This schematic cut-away view of the components of Jupiter's ring system shows the geometry of the rings in relation to Jupiter and to the small inner satellites, which are the source of the dust which forms the rings.
The Formation of Jupiter's Ring System
The innermost and thickest ring, shown in gray shading, is the halo that ends at the main ring. The thin, narrow main ring, shown with red shading, is bounded by the 16- kilometer-wide (10-miles) satellite Adrastea and shows a marked decrease in brightness near the orbit of Jupiter's innermost moon, Metis. It is composed of fine particles knocked off Adrastea and Metis. Although the orbits of Adrastea and Metis are about 1,000 kilometers (about 600 miles) apart, that separation is not depicted in this drawing. Impacts by small meteoroids (fragments of asteroids and comets) into these small, low-gravity satellites feed material into the rings. Thebe and Amalthea, the next two satellites in increasing distance from Jupiter, supply dust which forms the thicker, disk-like "gossamer" rings. The gossamer rings, depicted with yellow and green shading, are thicker because the source satellites orbit Jupiter on inclined paths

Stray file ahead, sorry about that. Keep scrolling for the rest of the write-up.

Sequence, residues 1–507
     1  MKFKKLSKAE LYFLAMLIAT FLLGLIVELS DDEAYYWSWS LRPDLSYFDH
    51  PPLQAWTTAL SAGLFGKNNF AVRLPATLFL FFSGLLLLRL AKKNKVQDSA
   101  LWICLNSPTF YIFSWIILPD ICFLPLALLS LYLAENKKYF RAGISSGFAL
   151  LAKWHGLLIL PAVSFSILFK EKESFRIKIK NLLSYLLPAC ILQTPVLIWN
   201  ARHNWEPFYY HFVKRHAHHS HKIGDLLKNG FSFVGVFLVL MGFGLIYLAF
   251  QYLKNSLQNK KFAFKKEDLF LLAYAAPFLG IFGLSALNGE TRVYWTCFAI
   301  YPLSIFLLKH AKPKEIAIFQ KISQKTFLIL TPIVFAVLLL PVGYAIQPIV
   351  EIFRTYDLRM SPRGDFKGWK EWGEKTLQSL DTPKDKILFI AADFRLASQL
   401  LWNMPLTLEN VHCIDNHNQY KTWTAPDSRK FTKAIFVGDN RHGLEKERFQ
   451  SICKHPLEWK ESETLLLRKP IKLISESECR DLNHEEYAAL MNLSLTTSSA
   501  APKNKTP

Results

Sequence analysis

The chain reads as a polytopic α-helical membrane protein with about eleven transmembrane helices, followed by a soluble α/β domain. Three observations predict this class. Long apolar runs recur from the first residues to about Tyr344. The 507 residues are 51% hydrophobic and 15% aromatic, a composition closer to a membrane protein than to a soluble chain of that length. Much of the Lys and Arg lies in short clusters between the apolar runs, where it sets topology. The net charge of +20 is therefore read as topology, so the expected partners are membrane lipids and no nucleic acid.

Satellite Interactions with Jupiter's Ring System
These small satellites all orbit closer to Jupiter than the four largest Galilean satellites, Io, Europa, Ganymede and Callisto, which were discovered nearly 400 years ago. The orbital distances of the moons are drawn relative to the size of Jupiter.
Jupiter's Main Ring and Inner SatellitesSide view of system:Overhead view of system:
The Jupiter image was created from a map based on data obtained by the Hubble Space Telescope.
JPL manages the Galileo mission for NASA's Office of Space Science, Washington, DC. The images are posted on the Internet at http://photojournal.jpl.nasa.gov/ and at http://galileo.jpl.nasa.gov. Background information and educational context for the images can be found at: http://www.jpl.nasa.gov/galileo/sepo. Image Credit: NASA/JPL